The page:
You naturally wonder why people and things are the way they are. You’ve likely wondered why so few other people are as enchanted by the mysteries of the universe as you are.

Lead with your enchantment. The world desperately needs its vibrant inspiration.

Be kind to yourself. Make a plan to take care of yourself in stressful situations. Celebrate your sensitivity each day.

Dr. Elayne Daniels is a psychologist, consultant, and international coach in the Boston area whose passion is to help people celebrate their High Sensitivity…and shine their light!

12 Responses

  1. I really enjoyed your article! I recently discovered I am a HSP, and reading about myself in such a positive light has been very insightful and inspirational. Practically anything can move me deeply, and I’ve thought there was something wrong with me. Your article helped reinforce the opposite. Thank you!

  2. Thank you for writing this. I began meditating more over the course of 2023, and while it brought me deeper moments of peace, it also showed me that I’m more sensitive than I realised. I’ve been grappling with a discouraging stream of thought that tells me that I’m too sensitive, too vulnerable to stress, and I’m just making myself less able to function in a chaotic world, but your words have opened up the idea that maybe meditating is just allowing me to be as I am, and that that’s ok, and that I’m not needy, not weak – I’m taking responsibility by arranging my life to facilitate rest and peace and nature. Thank you for your encouraging, kind and positive perspective!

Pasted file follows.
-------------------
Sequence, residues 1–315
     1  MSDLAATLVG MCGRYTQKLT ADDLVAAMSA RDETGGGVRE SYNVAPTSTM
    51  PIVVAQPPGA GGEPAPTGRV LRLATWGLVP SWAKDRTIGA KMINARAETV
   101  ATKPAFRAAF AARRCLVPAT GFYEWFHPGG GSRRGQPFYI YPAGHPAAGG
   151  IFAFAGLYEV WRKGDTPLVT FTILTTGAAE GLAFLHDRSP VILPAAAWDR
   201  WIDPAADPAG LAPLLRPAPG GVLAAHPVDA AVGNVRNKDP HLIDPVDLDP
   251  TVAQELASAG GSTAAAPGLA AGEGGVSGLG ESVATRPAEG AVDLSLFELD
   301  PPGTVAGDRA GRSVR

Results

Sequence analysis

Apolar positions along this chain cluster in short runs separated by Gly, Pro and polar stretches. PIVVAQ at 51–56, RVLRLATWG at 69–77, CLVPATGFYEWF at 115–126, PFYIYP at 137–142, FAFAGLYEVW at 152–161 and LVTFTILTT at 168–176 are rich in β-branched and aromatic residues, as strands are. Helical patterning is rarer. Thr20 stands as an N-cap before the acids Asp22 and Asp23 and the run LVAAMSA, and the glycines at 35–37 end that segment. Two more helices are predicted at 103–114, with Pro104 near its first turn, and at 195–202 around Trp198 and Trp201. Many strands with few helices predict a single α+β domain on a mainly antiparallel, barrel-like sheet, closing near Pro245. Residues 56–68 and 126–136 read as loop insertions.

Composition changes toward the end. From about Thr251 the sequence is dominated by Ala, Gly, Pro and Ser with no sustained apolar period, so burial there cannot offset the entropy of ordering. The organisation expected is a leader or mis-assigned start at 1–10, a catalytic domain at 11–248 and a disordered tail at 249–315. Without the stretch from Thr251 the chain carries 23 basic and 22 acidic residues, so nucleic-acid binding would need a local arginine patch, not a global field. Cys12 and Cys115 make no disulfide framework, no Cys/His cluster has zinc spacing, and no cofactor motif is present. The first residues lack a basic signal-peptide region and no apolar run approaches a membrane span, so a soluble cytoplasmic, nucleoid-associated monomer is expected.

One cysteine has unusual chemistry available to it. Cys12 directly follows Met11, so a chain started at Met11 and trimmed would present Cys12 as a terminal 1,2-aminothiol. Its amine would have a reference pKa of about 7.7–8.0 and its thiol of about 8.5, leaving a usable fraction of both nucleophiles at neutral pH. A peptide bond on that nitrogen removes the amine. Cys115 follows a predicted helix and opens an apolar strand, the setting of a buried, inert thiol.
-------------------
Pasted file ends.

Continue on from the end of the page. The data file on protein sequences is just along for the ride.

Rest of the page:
1. Dear Mary,

      How fantastic that you are able to give yourself some grace.

      Being highly sensitive has a lot of positives to provide, but only if we access them. Rest, peace, and nature are key ingredients!

      Thank you for sharing.

      Take care.

      Dr Daniels

  3. Thank you for your article i thought the was something wrong with me at first because the way i react to violence especially if i see someone hurting kids i get mad and sometimes i can tell that person to stop it and the way iam so creative i can see something and replicate it somewhere else in a better way its like iam in a movie or something and if someone is faking his or her love to me i can smell them from a distance now i understand why

    1. Dear Clever,

      Thank YOU for sharing your experience. All of what you describe certainly sounds like the high sensitivity trait in action. Your response to aggression, creative ways, and radar for authenticity are key. How great to understand these features and recognize their value!
      Way to go.
      Take care.